All adults are welcome to participate in the Chancel Choir. Some experience in singing and reading music is helpful but certainly not required. The choir's primary responsibility is to provide music for the 11:00 traditional worship service. Other opportunities include Christmas & Easter special music programs.
Rehearsals are held on Tuesday evenings (starting 19 March 2019) at 6:30 pm on the second floor of the "Education Building", at the end of the hall, last room on the left. The choir room is accessible without using stairs by using the elevator. The Education building is the building attached to the back of the sanctuary of the church. Rehearsals normally last just one hour, but may be longer when rehearsing for special music programs.
Our Interim Minister of Music and Choir Director, Scott Robertson, is knowledgeable and experienced in direction of choirs, bands, orchestras and other
You may signup to be on the Chancel Choir email list here.
"Elevate" is the name of our Praise Band, a live musical group, presenting praise to
God through modern music. Elevate's music may be heard every Sunday, only in our Contemporary Worship Service.
You will be amazed at the talent of this band! Elevate has
made recordings of many of their songs, visit their web site for more information, as well as the Halo Productions site.
While the full Elevate group consists of eleven members including lead guitar, bass guitar, acoustic guitars, drums, keyboard, vocals and possibility of brass, woodwind and string instruments at times, they often present praises to God with a slimmed-down version of the group when smaller venues are needed. Whatever size, the Elevate Worship Band always presents quality music to the glory of God and in Jesus' name. Come to hear the music and get a serendipitous message from God at the same time.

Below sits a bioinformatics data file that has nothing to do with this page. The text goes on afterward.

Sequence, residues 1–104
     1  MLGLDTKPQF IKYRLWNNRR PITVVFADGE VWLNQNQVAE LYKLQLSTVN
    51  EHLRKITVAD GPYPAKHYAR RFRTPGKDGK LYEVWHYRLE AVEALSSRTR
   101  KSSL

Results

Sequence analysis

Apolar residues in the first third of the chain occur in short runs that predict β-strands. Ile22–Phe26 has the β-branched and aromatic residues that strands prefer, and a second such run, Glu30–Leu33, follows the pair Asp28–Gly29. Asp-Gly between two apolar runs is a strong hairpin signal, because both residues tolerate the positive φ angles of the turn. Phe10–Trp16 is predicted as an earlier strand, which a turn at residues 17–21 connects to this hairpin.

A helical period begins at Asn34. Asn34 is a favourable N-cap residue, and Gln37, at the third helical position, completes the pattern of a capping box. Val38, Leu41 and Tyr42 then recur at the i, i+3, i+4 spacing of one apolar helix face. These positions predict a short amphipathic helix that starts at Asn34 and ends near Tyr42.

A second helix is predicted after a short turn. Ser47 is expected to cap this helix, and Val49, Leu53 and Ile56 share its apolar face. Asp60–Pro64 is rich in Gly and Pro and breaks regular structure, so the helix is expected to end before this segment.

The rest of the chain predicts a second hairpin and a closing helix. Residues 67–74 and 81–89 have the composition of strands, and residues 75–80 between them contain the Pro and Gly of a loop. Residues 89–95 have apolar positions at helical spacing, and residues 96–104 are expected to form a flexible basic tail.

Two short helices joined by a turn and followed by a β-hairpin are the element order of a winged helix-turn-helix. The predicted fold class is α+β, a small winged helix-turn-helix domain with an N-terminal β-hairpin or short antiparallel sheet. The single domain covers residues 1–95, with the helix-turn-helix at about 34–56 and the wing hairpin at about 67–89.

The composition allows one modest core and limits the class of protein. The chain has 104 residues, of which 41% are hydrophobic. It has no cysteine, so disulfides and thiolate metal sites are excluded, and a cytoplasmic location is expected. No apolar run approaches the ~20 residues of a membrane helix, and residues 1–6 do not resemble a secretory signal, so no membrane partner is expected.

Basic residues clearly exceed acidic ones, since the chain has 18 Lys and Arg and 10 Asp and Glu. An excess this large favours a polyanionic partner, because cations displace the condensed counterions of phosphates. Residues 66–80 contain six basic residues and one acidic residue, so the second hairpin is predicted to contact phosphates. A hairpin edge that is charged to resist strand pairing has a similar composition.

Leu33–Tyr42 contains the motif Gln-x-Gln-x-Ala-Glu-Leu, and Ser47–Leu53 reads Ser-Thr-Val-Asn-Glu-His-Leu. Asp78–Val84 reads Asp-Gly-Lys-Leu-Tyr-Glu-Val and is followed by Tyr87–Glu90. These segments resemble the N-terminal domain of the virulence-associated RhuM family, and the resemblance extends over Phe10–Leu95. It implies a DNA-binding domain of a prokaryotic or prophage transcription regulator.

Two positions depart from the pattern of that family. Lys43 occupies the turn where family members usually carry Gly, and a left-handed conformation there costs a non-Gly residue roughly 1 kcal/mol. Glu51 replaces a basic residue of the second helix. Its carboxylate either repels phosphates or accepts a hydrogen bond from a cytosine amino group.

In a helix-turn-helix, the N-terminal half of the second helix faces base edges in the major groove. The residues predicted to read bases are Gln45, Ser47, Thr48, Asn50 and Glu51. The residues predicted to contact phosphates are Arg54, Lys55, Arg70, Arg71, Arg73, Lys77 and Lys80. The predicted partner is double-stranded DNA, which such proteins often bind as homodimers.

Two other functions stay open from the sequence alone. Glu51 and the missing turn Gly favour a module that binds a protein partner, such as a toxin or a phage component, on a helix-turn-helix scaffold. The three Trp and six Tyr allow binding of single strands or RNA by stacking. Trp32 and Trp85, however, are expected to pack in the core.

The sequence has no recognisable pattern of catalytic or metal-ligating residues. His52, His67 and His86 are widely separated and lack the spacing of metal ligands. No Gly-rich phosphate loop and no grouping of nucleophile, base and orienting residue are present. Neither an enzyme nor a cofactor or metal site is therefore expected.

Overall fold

The Elevate Worship Band was founded by and currently led by Tommy Lenoir and Mike Graham, both members of the Clanton First United Methodist Church.
Not just every small town Methodist church has a pipe organ. No, we looked it up -- while there may be more than 50,000 pipe organs in the world, not every church has one. : ) The oldest playable pipe organ was built
in Switzerland in 1435. Pipe organs have long represented the ultimate in church accompaniment. The one at Clanton First United Methodist was made by the same
manufacturer that made the largest pipe organ in a religious structure in the world at the Cadet Chapel, United States Military Academy, West Point, New York. Built in 1911 by M. P. Möller, that console is four manuals and pedal, whereas ours is only three manuals, but who's counting?
At any rate, our pipe organ is played by the extremely talented and inspiring, Mary Morris. From the tinkling chimes every Sunday morning to the full blasts from the pipes during some particularly inspiring organ piece, the sounds of the pipe organ augment the full experience of worshipping God in Clanton, AL. See a little more about this pipe organ on our history page.
Musical talents abound at Clanton First United Methodist Church. For music as near to heavenly as you
are likely to hear on earth, join us to hear some of our rare talent.
Not to brag, but we're just saying, we also have the Concertmaster of the Birmingham String Orchestra in our church. Once in a while she can be persuaded to bless us with a violin ambrosia that goes right to your spirit -- inspiring, moving, and gladdening your heart. It's so beautiful, we have to limit the number of occaisions she presents it, or we'll just never leave the sanctuary!
In addition to these individuals, we have frequent presentations from a clarinetist (doubles as bass singer), a saxophonist (doubles as Minister of Music), and others. Whether you just like to hear music or you have a talent on an instrument, there are always opportunities here to display your talent for the glory of God or recieve a special blessing from the sounds.
Nancy Bentley volunteers to serve as pianist for the River Church service in the Summertime. Again, we reserve her talents for limited display so as not to overwhelm the congregation with awe.